The Queen’s Speech 2022 – What’s In and What’s Out?

Queen Elizabeth Tower

The IFoA's Policy and Public Affairs Assistant, Matthew Humphreys, breaks down the UK Government's legislative agenda following the Queen's Speech 2022.

For the first time in 59 years, Her Majesty the Queen did not deliver the Queen’s Speech in Parliament on Wednesday (10 May). Instead, the duty fell to her Son, Prince Charles, who was accompanied by the Duchess of Cornwall and the Duke of Cambridge.

While the symbolism of the speech gave the impression of a changing of the guard, the Prime Minister will hope that the speech will give his government the opportunity to reset and improve its fortunes ahead of the expected general election in May 2024. The Speech contained 36 Bills for the next Parliamentary session, yet it was notable for what was missing, namely, a specific Bill to deal with the rising cost of living – a key factor that saw the Conservatives lose almost 500 council seats at last week’s local elections (although the Prime Minister did hint in the Commons shortly afterward that the Chancellor would bring forward additional support in due course). Given that the cost of living crisis is only expected to get worse as we head into the autumn, you can be sure that Conservative MPs will be pushing the government to do more as we head towards a further rise to the energy price cap and even higher inflation.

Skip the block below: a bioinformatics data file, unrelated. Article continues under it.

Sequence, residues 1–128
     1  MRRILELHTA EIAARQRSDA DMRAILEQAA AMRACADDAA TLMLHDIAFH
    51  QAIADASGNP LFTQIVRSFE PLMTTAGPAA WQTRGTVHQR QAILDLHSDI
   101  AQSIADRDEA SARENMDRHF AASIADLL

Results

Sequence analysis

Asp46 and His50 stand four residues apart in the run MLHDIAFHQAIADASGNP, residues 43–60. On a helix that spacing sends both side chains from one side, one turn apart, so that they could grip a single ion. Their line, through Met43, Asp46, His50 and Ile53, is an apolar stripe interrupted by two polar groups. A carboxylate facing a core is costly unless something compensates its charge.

For the actuarial profession, the most interesting proposal was the draft Audit Reform Bill. The draft Bill will set out proposed legislation on the future of audit, corporate governance, accountancy and actuarial regulation. Given that once introduced it will only appear in draft form, it will be issued for consultation before being introduced to parliament. We have pledged to continue our engagement with the government on these important reforms, but have expressed our disappointment that a clear timetable for reform has not been published.

Also of note was the announcement of the Financial Services Bill. With the government keen to demonstrate the benefits of leaving the European Union, the Bill takes the opportunity to overhaul Solvency II regulation, a key ask of the IFoA. A group of leading Financial Service trade associations (including the Association of British Insurers and TheCityUK) have also welcomed the Bill, noting that it is an opportunity to “drive a new regulatory culture grounded in proportionate, fair and predictable regulation.”

Given that the Government’s 80-seat majority relies heavily on the so-called “red wall” areas in the north of England, it was no surprise that a Levelling Up and Regeneration Bill was also announced, giving residents a greater say over local developments. Likewise, a Bill to ensure that the UK Infrastructure Bank can become fully operational is also a nod to those constituencies, with the government needing to demonstrate that considerable investment is being delivered in these areas that do not traditionally vote Conservative.

Overall, given the uneasy position the Prime Minister finds himself in, and with only two years to go before the next election, you could have been forgiven for expecting a more ambitious set of policy proposals from the government. Whether today’s announcements are enough to woo voters back to the Conservatives remains to be seen, but you can be sure that the IFoA will continue to proactively engage with government at all levels, especially on the draft proposals to alter actuarial regulation. 

For a more detailed analysis of the Queen's speech, please refer to this briefing note compiled by the IFoA's Policy and Public Affairs Team.

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